Updated Population-Level Counterfactual Trend Modelling to Examine the Relationship between Smoking Prevalence and E-Cigarette Use among US Adults and Adolescents

Categories: Posters

Poster #135

Author: Foxon F


Background Concerns have arisen that e-cigarettes (ECs) may act as a gateway to combustible cigarettes (CC) among adolescents and may not facilitate switching away from CCs among adults. Population-level trend studies examine whether smoking prevalence consistent with those concerns is observed. Previous US analyses (Foxon & Selya 2020; Foxon et al. 2022) support that ECs facilitate switching and are not a gateway, but analyses may need updating.
Aims To update these analyses, population-level trends are re-examined with the most recently available national data to understand whether the latest estimates provide evidence for/against a gateway among adolescents, and/or suggest ECs are ineffective among adults.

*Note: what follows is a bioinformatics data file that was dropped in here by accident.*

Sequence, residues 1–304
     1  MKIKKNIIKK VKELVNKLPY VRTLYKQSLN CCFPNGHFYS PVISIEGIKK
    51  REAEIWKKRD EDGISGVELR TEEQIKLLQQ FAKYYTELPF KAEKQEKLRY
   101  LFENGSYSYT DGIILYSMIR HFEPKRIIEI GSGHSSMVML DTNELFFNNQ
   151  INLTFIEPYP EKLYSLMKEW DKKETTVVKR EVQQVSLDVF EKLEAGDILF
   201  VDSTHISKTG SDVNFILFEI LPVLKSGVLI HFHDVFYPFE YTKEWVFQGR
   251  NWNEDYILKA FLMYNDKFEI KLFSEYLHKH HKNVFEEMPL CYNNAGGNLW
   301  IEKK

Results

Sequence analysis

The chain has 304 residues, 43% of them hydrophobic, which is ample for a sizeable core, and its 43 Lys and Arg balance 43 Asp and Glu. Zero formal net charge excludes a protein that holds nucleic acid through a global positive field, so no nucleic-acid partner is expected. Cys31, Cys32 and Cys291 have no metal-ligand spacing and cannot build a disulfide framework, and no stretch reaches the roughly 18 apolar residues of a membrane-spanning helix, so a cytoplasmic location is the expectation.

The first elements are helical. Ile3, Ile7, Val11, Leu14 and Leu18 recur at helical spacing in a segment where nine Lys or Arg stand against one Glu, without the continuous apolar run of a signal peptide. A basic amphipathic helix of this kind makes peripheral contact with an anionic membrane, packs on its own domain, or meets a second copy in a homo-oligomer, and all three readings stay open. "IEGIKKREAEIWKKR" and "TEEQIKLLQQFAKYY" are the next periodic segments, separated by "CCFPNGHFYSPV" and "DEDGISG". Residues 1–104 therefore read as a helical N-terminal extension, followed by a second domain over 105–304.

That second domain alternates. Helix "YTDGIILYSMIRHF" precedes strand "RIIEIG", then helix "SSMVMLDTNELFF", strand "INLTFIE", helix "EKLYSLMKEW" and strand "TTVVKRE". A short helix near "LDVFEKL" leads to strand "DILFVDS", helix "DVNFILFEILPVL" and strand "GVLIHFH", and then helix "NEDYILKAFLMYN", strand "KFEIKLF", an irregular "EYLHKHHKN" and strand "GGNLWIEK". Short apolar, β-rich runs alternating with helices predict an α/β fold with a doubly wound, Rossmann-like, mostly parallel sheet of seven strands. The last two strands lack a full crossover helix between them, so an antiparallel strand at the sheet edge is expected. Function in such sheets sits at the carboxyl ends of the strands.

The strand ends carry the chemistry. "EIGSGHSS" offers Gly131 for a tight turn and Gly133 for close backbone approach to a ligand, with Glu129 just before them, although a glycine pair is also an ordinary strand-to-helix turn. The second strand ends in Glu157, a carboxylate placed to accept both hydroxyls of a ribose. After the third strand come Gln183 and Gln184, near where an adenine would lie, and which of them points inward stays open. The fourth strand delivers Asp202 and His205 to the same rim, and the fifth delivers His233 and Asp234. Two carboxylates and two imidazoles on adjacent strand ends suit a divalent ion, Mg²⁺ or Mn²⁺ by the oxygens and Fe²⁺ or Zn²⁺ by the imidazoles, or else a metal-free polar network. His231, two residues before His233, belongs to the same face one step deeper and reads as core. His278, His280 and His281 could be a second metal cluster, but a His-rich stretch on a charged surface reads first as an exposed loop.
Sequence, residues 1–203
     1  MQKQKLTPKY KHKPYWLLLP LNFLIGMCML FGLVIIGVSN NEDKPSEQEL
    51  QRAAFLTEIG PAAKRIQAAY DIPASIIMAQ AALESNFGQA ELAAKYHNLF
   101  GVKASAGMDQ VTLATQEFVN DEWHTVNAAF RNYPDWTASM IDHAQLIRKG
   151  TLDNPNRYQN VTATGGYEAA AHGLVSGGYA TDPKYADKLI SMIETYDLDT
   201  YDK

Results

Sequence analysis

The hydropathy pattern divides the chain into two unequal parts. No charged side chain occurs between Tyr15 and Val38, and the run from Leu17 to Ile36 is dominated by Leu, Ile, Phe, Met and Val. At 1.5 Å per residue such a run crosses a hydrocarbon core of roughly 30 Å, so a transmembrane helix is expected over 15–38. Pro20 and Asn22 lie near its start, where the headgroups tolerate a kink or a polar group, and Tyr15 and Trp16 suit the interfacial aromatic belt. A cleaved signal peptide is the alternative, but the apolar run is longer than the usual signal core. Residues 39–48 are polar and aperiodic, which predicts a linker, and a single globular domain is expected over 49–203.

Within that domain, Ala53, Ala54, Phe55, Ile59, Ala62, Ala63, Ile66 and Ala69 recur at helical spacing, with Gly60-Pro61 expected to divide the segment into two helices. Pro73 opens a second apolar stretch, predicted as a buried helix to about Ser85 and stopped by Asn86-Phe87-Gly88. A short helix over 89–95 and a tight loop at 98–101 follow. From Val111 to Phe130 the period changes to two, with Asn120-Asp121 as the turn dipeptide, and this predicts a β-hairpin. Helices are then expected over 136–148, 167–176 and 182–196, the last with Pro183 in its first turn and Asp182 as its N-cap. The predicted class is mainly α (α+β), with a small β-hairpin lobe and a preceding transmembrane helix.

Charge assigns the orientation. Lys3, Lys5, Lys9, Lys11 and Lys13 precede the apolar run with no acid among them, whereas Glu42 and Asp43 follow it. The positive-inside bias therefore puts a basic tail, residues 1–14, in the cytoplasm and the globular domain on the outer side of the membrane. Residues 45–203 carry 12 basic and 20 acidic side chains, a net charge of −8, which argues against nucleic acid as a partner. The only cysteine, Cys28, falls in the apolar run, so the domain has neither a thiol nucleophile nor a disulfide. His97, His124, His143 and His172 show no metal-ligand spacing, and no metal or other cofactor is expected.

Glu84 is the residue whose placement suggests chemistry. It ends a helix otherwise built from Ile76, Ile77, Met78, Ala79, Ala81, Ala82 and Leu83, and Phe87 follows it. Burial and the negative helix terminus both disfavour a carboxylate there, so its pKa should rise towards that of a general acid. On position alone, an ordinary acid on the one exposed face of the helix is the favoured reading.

Methods Annual US CC and EC use prevalence were derived from the 1999-2022 National Youth Tobacco Survey (adolescents) and the 1990-2021 National Health Interview Survey (adults). Inflection points were identified algorithmically, and exponential decay functions were fitted to model the counterfactual scenario; what may have happened to CC prevalence if ECs were not introduced at the inflection point. Discrepancies in CC prevalence were calculated by comparing actual survey-estimated prevalence post-inflection to counterfactual projections from pre-inflection trends, after adjusting for the impact of the 2009 Family Smoking Prevention and Tobacco Control Act (FSPTCA). Correlations between CC discrepancies and actual survey-estimated EC prevalence were investigated.
Results Through 2021/2, survey-estimated CC prevalence post-inflection was lower than expected based on pre-inflection trends, even after adjusting for the FSPTCA. CC discrepancies were correlated with EC use such that increasing EC use was associated with decreasing CC use. Discrepancies were greater in cohorts with greater EC use (high schoolers and young adults). These findings were robust to sensitivity tests.
Conclusion Updated analyses support prior findings that observed CC prevalence among adolescents and adults may be lower than in the counterfactual scenario in which ECs were not introduced; data do not support the hypothesis that ECs act as a gateway to CCs among adolescents or are ineffective when used by adults for switching.

Disclosure Through PinneyAssociates, FF consults for Juul Labs Inc. JLI supported this work and reviewed a draft. FF is responsible for the content and decision to publish.